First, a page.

Isabelle crept closer, listening.

  “… are Madame Vizniak?” the policeman on the left said. “Your husband is Emile and your children, Anton and Hélène?”

  Isabelle peered around the corner.

  Madame Vizniak was a beautiful woman, with skin the color of fresh cream and luxurious hair that never looked as messy as it did now. She was wearing a lacy silk negligee that must have cost a fortune when it was purchased. Her young son and daughter, whom she had pulled in close, were wide-eyed.

  “Pack up your things. Just the necessaries. You are being relocated,” said the older policeman as he flipped through a list of names.

  “But … my husband is in prison near Pithiviers. How will he find us?”

  “After the war, you will come back.”

  “Oh.” Madame Vizniak frowned, ran a hand through her tangled hair.

  “Your children are French-born citizens,” the policeman said. “You may leave them here. They’re not on my list.”

  Isabelle couldn
t remain hidden. She got to her feet and descended the stairs to the landing. “I’ll take them for you, Lily,” she said, trying to sound calm.

  “No!” the children wailed in unison, clinging to their mother.

  The French policemen turned to her. “What is your name?” one of them asked Isabelle.

  She froze. Which name should she give? “Rossignol,” she said at last, although without the corresponding papers, it was a dangerous choice. Still, Gervaise might make them wonder why she was in this building at almost three in the morning, putting her nose in her neighbor’s business.

  The policeman consulted his list and then waved her away. “Go. You are no concern to me tonight.”

  Isabelle looked past them to Lily Vizniak. “I’ll take the children, Madame.”

  Lily seemed not to comprehend. “You think I’ll leave them behind?”

  “I think—”

  “Enough,” the older policeman yelled, thumping his rifle butt on the floor. “You,” he said to Isabelle. “Get out. This doesn’t concern you.”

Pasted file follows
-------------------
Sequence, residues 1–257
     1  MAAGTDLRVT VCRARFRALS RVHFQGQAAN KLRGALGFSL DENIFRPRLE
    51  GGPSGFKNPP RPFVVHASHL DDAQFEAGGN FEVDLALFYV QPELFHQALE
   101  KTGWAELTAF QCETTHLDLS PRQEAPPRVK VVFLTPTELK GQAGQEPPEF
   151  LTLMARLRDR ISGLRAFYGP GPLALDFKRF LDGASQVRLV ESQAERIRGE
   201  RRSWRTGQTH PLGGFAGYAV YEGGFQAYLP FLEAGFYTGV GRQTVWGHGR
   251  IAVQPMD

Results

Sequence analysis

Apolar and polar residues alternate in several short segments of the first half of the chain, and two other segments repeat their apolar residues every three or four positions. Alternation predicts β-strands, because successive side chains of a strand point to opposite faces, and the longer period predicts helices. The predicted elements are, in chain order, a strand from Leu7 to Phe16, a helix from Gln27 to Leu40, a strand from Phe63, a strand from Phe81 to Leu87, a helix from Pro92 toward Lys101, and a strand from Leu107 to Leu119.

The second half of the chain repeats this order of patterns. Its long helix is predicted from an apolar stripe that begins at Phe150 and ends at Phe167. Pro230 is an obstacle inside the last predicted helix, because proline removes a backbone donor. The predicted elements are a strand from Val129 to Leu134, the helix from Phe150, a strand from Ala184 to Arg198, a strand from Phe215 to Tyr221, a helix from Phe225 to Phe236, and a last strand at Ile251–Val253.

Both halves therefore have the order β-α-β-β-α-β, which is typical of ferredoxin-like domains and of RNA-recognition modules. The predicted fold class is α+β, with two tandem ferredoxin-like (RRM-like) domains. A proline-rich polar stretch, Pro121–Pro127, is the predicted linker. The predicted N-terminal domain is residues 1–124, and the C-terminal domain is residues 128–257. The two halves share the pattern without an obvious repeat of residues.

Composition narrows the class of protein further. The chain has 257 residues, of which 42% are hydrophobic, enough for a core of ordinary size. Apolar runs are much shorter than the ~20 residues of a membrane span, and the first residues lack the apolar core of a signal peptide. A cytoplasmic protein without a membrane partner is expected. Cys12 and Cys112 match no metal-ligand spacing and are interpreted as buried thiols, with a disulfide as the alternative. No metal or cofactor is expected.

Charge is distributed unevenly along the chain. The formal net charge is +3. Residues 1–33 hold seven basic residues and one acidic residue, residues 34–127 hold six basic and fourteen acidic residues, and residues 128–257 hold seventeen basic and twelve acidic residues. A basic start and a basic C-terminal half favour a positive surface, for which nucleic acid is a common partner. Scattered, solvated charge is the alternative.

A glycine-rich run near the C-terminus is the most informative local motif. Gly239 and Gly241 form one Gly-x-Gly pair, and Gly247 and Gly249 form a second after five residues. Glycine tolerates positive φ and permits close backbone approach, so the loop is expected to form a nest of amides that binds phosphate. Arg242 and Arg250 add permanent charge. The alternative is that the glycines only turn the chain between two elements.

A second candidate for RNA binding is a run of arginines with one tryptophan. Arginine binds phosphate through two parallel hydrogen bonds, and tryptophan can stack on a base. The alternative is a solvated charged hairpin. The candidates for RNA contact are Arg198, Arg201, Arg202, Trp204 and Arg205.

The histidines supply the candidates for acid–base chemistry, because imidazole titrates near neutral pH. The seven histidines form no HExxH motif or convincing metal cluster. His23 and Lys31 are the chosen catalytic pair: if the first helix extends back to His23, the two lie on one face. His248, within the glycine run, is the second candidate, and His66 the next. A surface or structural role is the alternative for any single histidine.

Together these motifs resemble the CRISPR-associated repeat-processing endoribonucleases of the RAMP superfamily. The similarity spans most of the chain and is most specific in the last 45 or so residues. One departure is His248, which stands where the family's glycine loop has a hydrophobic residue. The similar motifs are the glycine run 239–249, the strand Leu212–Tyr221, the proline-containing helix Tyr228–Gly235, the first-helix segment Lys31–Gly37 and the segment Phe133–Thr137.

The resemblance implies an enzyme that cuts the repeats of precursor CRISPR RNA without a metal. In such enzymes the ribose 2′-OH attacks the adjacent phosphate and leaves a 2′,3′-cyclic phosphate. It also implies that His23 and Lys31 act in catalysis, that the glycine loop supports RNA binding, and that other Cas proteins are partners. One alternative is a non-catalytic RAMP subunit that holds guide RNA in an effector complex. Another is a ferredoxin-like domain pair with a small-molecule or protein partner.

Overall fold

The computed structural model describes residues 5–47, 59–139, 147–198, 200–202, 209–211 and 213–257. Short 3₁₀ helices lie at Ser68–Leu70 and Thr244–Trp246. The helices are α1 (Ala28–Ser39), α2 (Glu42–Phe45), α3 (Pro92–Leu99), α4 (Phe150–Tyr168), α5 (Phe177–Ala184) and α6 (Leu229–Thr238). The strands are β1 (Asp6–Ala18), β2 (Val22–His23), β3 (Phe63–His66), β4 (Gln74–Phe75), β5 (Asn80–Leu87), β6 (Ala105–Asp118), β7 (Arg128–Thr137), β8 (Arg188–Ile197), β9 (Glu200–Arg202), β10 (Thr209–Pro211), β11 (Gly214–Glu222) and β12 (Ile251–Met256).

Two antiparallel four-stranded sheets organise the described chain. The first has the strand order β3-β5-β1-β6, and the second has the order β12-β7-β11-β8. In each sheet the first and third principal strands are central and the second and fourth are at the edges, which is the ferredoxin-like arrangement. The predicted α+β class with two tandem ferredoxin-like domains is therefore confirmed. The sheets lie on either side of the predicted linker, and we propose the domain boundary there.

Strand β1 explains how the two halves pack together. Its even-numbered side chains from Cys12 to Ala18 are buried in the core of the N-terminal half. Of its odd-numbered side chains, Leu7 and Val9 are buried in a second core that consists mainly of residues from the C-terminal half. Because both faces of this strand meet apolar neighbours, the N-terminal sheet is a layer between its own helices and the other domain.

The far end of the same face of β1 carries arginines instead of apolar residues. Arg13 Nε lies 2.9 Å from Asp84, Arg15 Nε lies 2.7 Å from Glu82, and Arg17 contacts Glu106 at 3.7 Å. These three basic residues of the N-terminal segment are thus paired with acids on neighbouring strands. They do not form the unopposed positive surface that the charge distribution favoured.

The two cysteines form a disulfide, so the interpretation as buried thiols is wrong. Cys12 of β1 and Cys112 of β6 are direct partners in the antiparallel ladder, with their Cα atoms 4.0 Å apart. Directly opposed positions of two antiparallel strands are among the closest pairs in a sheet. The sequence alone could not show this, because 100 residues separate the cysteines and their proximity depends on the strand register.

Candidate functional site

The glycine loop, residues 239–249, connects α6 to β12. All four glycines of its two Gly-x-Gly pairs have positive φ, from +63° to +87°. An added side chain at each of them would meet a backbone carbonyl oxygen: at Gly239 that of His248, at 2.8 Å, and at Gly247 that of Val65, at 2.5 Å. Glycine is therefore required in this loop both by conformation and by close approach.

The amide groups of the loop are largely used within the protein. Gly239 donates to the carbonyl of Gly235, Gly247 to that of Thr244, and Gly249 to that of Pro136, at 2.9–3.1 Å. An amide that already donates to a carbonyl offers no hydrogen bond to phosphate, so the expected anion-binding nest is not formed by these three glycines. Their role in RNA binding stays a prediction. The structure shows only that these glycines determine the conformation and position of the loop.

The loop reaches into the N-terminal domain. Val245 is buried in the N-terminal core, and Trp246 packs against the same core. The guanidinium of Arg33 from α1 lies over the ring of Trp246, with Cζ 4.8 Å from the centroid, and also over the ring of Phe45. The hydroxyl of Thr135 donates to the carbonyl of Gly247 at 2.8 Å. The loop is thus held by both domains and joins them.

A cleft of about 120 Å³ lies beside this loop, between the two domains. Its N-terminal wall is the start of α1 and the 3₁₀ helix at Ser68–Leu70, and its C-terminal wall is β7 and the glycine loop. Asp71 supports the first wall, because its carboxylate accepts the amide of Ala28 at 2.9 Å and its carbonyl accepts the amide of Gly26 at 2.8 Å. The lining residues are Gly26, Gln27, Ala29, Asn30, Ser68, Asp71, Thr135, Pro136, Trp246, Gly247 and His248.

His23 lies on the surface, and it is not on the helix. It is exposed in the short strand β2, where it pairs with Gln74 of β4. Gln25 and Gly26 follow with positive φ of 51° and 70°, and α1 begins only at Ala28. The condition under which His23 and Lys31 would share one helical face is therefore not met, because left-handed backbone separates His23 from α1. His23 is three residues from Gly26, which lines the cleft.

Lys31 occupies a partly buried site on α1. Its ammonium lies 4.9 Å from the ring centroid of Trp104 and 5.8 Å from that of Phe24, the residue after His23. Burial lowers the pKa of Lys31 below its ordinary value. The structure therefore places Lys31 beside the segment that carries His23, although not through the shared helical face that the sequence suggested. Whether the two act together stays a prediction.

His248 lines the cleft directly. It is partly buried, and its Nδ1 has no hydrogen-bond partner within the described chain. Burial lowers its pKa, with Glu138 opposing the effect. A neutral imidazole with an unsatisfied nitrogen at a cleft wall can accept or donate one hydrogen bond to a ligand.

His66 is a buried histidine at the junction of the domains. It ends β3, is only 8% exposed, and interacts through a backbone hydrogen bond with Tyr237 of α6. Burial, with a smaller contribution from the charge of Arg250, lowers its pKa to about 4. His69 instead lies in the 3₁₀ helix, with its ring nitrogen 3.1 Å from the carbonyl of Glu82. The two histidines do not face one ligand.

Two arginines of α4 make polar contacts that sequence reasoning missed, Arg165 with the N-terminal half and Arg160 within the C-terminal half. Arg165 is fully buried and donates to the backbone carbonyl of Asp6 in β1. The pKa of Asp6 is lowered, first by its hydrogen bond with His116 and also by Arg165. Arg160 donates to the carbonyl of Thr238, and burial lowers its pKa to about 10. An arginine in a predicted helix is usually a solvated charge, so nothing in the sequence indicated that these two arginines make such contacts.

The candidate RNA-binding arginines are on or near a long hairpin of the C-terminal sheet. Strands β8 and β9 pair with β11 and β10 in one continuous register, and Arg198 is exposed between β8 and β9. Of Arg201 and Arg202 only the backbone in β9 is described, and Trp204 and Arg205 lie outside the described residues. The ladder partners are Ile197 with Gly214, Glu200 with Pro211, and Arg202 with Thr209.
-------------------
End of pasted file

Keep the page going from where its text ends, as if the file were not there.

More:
“Madame, please,” Isabelle pleaded. “I’ll make sure they are safe.”

  “Safe?” Lily frowned. “But we are safe with the French police. We’ve been assured. And a mother can’t leave her children. Someday you’ll understand.” She turned her attention to her children. “Pack a few things.”

  The French policeman at Isabelle’s side touched her arm gently. When she turned, he said, “Go.” She saw the warning in his eyes but couldn’t tell if he wanted to scare her or protect her. “Now.”

  Isabelle had no choice. If she stayed, if she demanded answers, sooner or later her name would be passed up to the prefecture of police—maybe even to the Germans. With what she and the network were doing with the escape route, and what her father was doing with false papers, she didn’t dare draw attention. Not even for something as slight as demanding to know where a neighbor was being taken.

  Silently, keeping her gaze on the floor (she didn’t trust herself to look at them), she eased past the policemen and headed for the stairs.


  After she returned from the Vizniaks’ apartment, Isabelle lit an oil lamp and went into the salon, where she found her father asleep at the dining room table, his head resting on the hard wood as if he’d passed out. Beside him was a half-empty brandy bottle that had been full not long ago. She took the bottle and put it on the sideboard, hoping that out of reach would equal out of mind in the morning.